What is Benchmarking? - Definition, Types, Process & Examples

An error occurred trying to load this video.

Try refreshing the page, or contact customer support.

Coming up next: Productivity, Quality, Profitability and the Role of Managers

You're on a roll. Keep up the good work!

Take Quiz Watch Next Lesson
Your next lesson will play in 10 seconds
  • 0:01 Benchmarking Defined
  • 2:00 Types of Benchmarking
  • 3:10 Benchmarking Process
  • 4:30 A Real World Example
  • 5:41 Lesson Summary
Save Save Save

Want to watch this again later?

Log in or sign up to add this lesson to a Custom Course.

Log in or Sign up

Speed Speed

Recommended Lessons and Courses for You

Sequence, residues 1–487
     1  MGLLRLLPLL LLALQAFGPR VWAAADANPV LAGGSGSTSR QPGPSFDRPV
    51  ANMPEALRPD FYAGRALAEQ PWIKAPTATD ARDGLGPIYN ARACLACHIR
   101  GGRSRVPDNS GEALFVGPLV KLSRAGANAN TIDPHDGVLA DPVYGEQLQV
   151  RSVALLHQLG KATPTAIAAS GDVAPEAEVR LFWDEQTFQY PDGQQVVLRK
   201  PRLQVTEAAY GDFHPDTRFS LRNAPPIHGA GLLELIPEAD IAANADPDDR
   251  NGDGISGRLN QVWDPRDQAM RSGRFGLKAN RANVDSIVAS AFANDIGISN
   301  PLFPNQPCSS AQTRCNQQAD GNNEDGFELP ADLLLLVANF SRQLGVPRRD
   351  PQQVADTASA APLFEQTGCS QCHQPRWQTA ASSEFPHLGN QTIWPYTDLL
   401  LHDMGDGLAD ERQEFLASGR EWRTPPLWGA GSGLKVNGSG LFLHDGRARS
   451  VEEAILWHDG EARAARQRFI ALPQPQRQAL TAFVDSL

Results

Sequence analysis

Lesson Transcript
Instructor: Wren Hawthorne
Companies use benchmarking as a way to compare key metrics to other businesses in the industry. This allows companies to see how well they are performing and identify ways they can become more competitive in the industry. In this lesson, we will look at the different types of benchmarking, the stages of benchmarking, and a real world example.

Benchmarking Defined

Before more recent technology was invented, surveyors would chisel a horizontal mark in a permanent structure, where a tool could be placed in the indention to help create a benchmark with a level rod, helping them and future craftsmen to have a point of reference for building.